Let’s take a moment to acknowledge that the political sphere has generally stepped up during 2020.
I concede that the usual argy-bargy of party politics is on display.
You only have to look at the long running commentary being batted back and forth over the Victorian lockdown to see the acrimony on full display.
But in terms of the practicalities, there seems to be common aspirations to forge a path that will minimise health risks while keeping the economy as buoyant as possible.
As such, we’ve seen the introduction of a raft of assistance packages all designed to ensure jobs remain in place, the rent is paid, people are fed, and trade continues.
One of the most talked about schemes has been HomeBuilder – a program designed primarily to support the building and construction industry while easing the financial burden of some homeowners.
But has the $25,000 government handout done the job and should you be compelled to purchase, build or renovate simply because HomeBuilder is available?
Let’s take a look.
For those who may be unaware, HomeBuilder is $25,000 federal government grant for property owners looking to build a home or buy a new home, or carry out a home renovation, all within set qualification guidelines.
The grant applies to principal places of residence only, so investors need not apply.
- Owner‐occupiers must be a natural person (not a company or trust), aged 18 years or older and be an Australian citizen,
- The grant is means tested to income caps of $125,000 per annum for an individual or $200,000 per annum for a couple based on a 2018‐19 taxable income,
- The new-build home must not have a property value in excess of $750,000,
- For those claiming for a renovation, the contracted works must cost between $150,000 and $750,000, and the value of your existing property must be below $1.5 million pre-renovation.
Treasury department data shows that there has been a total of 11,367 application up to the 9th October this year.
Source: Australian Treasury
This is all well and good, but is purchasing or renovating a property because of a grant make sense?
Not in my opinion, and here’s why.
I have several concerns around the foundations of the scheme.
The largest population centres in Australia are Sydney and Melbourne, so the majority of Australia’s property transactions take place in these markets.
If the federal government believes there’s a huge number of new-build property options with good fundamental long-term value growth priced below $750,000 within reasonable proximity of these two CBDs, they’ve got rocks in their head.
And while I have these concerns about new builds, it’s the renovation option that I think fails most of all.
It’s a nonsense those owners contemplating a renovation up to $750,000 will be spurred on to act just because a $25,000 grant is on offer.
It may attract some, but not many.
And then there’s the means test.
While some may consider $120,000 a year to be a substantial income, most people on this amount can’t afford to spend anything like three-quarters of a million dollars improving their home.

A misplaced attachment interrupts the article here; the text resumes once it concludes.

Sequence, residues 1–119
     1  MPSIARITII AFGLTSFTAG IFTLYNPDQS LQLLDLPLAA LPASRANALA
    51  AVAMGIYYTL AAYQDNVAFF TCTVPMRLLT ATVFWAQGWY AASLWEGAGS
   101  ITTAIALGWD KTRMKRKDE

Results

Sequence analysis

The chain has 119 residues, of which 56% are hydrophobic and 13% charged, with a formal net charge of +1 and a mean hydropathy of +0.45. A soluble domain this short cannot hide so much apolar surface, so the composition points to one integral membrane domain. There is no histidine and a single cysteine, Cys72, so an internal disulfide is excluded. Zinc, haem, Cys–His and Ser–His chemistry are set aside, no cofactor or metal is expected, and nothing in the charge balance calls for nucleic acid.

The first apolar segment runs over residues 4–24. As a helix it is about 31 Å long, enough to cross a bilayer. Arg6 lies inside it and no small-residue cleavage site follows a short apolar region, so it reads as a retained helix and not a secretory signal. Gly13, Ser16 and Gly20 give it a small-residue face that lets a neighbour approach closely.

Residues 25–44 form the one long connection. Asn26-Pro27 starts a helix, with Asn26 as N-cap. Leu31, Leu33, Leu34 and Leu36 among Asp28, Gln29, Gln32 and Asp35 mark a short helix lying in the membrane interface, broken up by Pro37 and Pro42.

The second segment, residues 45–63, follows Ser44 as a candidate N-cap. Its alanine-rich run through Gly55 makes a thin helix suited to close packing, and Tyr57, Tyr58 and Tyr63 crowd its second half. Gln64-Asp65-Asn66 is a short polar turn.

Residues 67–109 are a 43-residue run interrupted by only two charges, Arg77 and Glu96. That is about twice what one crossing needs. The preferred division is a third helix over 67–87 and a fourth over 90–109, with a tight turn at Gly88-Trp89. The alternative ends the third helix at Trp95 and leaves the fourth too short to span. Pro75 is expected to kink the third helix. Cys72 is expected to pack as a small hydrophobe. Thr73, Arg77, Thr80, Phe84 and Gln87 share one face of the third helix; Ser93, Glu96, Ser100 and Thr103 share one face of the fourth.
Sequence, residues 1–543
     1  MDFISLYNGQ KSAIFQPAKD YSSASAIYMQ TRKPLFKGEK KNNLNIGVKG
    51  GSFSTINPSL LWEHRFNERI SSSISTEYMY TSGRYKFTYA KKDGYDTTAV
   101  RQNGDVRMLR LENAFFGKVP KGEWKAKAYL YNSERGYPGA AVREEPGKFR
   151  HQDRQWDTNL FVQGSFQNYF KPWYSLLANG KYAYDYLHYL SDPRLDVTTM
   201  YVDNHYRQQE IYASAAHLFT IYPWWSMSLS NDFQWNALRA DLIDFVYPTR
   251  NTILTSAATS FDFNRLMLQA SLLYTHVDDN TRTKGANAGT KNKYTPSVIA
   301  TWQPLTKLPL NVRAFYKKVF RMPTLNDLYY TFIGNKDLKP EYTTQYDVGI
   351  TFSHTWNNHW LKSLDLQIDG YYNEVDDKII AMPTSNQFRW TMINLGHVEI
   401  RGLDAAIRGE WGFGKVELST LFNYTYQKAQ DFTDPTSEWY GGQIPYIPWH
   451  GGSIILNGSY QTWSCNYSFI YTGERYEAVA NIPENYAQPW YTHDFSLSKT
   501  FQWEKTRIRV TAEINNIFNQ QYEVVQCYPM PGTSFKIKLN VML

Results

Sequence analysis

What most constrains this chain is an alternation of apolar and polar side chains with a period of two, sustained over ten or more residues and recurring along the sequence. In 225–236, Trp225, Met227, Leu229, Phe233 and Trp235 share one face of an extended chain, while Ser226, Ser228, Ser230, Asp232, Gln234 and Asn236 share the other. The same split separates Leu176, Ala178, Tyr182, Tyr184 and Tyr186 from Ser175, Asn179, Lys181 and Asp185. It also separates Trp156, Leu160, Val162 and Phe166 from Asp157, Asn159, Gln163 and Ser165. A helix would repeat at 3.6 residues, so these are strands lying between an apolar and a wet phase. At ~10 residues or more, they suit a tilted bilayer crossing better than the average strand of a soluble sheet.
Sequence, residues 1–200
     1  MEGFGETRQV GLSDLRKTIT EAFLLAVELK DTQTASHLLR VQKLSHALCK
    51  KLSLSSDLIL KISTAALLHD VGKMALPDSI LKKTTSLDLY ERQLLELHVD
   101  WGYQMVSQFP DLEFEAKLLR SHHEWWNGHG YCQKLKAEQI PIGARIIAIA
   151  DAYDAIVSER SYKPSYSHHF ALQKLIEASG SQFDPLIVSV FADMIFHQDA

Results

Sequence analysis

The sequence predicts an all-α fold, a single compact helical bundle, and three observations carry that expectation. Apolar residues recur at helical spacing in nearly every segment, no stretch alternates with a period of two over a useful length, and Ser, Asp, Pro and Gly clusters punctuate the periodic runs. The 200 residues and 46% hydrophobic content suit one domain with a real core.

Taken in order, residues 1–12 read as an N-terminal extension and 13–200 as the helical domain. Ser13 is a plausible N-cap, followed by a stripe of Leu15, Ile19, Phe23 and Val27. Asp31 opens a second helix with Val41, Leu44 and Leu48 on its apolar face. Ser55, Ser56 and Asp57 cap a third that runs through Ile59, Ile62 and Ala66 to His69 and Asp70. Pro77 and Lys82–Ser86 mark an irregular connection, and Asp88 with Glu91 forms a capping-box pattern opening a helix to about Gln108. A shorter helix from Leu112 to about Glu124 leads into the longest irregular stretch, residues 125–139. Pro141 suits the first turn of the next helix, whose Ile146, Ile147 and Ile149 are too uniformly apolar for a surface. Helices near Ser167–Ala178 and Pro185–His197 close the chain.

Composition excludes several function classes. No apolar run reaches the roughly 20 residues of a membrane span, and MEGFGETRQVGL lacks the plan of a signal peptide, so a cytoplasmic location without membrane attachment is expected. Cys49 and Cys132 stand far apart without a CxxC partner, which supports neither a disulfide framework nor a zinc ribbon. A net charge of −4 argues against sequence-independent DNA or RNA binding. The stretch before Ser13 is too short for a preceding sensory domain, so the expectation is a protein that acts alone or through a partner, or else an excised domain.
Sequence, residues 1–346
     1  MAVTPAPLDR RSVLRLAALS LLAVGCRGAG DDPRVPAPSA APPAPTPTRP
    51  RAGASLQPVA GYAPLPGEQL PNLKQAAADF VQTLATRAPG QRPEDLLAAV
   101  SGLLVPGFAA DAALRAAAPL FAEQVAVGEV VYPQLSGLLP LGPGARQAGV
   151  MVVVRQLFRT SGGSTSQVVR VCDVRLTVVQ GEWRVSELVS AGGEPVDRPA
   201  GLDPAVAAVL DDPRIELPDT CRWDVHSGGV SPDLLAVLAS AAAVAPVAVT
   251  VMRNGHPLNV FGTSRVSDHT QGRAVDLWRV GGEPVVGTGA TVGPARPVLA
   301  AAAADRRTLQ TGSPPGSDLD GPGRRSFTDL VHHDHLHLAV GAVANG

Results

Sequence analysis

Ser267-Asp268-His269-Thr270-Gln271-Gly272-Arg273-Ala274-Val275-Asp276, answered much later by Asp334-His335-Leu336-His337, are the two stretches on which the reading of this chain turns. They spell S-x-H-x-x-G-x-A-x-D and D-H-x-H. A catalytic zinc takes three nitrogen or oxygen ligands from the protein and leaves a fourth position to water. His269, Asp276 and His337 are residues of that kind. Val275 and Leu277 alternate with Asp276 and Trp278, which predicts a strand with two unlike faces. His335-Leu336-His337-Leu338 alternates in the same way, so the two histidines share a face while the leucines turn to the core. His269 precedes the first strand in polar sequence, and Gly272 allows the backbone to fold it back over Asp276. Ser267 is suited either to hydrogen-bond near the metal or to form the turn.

On the face of it, it seems idiotic to me.
And there’s 1 more thing for those Victorians amongst us.
Based on the local State Government rules, you can’t even use the grant as a contribution towards the renovation that the banks will recognise, based on how it is implemented.
What do I mean by that?
I mean that you have to be able to prove to all the lenders, in Victoria, that you have the total funds to complete your renovation, without any reliance on the Homebuilder grant of $25,000 in order to undertake your renovation.
Now Dan Andrews has made a few mistakes through this pandemic, but this seems an easy fix that would enable Victorians to access the grant and get the construction industry moving again.
But to date, there has been no movement and thereby hamstrung Victorians are stuck not being able to proceed – madness!
Will it work for some?
The effectiveness of HomeBuilder for individual clients is dependant of several factor.
For starters, those relying on the grant to help them scrape through with finance approval can forget it.
HomeBuilder is not included as a benefit within a financier’s assessment criteria.
You still need a sizable deposit to buy the new home or have access to funds that will cover some of the renovation cost.
As such anyone in this tight-finance category shouldn’t be prompted to act by HomeBuilder.
Next – HomeBuilder will stimulate overcapitalisation by some property owners. Securing an additional $25,000 in the account will see some frivolous procurements in terms of return on each dollar invested – and that doesn’t bode well for the value of an asset which is your home.
For example, spending that $25,000 upgrading your pool in an area dominated by low-cost housing could would not be smart.
An end buyer is unlikely to pay extra for your property in the future just because you spent the grant without thought.
In fact, overcapitalising will assuredly negate the benefit of HomeBuilder to your project.
My years of experience tell me that HomeBuilder might look good in theory, but it’s done little in practice to be of benefit to large numbers of property owners and buyers.
There are simpler ways to ensure grants of this size could be effectively utilised to create jobs AND get those who need it the most into a new home or improve their existing one.
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